Embrace mother’s lessons
In March’s magazine, Lorin Carpenter shared with us how decluttering your life improves everything. When I read the article, I knew I needed to act and get my life in order. Although I consider myself to be neat and tidy, my life and spaces were encroaching upon me and my mind was cluttered with emotion.
Since January, life hasn’t been the same. My mother-in-law, DeeDee, passed away after having only lived here in Melbourne for two weeks. We had moved her and my sister-in-law, Kathi, here from Louisiana a few days after Christmas so that we could play a more active role in her health care. We weren’t certain how much time we would have with DeeDee, but I know none of us thought it would only be two weeks. Grieving is hard.
During those two weeks, I was blessed with the opportunity to spend one-on-one time with DeeDee while she was in the hospital. As it turns out, she was afraid of dying and was refusing to sleep. It was during those hours that she shared the fondest memories of her life, including raising her children.
This was a woman who was filled with courage and determination. Her stories of success and failures were inspiring. I was honored that she was comfortable enough with me to share some of her most trying, yet memorable stories. I took note of the many life lessons. One night she said, “You must slow down, Tracy.” I replied, “I do run a pretty fast race, don’t I?” She said, “No shit, Sherlock. You work too hard and before you know it life will pass you by.”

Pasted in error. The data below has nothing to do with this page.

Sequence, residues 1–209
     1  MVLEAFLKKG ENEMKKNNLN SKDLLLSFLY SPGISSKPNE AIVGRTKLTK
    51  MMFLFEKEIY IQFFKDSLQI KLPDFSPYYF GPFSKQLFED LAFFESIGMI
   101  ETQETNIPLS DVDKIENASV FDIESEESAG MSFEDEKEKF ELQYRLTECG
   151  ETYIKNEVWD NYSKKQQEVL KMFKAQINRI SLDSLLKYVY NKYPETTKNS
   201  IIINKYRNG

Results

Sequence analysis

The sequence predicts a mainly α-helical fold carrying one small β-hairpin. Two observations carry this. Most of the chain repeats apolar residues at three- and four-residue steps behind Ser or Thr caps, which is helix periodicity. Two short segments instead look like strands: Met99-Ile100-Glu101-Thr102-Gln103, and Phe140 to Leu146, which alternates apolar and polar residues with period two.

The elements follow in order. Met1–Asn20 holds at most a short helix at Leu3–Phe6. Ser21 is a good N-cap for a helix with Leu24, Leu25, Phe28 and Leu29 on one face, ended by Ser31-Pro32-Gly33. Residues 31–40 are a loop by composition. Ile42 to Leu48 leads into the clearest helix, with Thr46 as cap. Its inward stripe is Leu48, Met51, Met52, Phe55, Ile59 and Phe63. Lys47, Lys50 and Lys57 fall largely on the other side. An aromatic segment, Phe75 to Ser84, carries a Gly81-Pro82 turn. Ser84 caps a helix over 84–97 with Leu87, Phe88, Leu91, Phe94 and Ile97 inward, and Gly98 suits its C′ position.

DeeDee was 82.
On the other hand, my mom passed away when she was just 61. She was the most organized and tidy person that I have ever known. She worked very hard for many years. The examples that my mom set for me were different. I learned a lot about what I didn’t want my life to be like. She was hard on her mind, body and spirit. She was a survivor of sexual abuse.
Although we were close, our relationship was dysfunctional at best. It was a relationship where I was more the mom and she the child. While renovating and reorganizing my office this past month, I came across a book she gave me the year before she died. In the book, she wrote the following: “I hope and pray that I won’t always be so needy and dependent upon you.” Nine years later, I miss the dysfunction!
As I reflect on the lives of both women and the other women who have played a role in shaping the woman that I have become, I realize we are all cut from the same cloth. We are daughters, granddaughters, sisters, wives, mothers, grandmothers, coworkers and friends. We have endured as well as excelled. We have dreams and inspirations. We are givers and believers.
This Mother’s Day I encourage you to reflect upon the women who have impacted your life and celebrate not only their strengths but their weaknesses. For it is a blend of both strength and weakness that become lessons for the rest of us.
We all have a story. Embrace yours!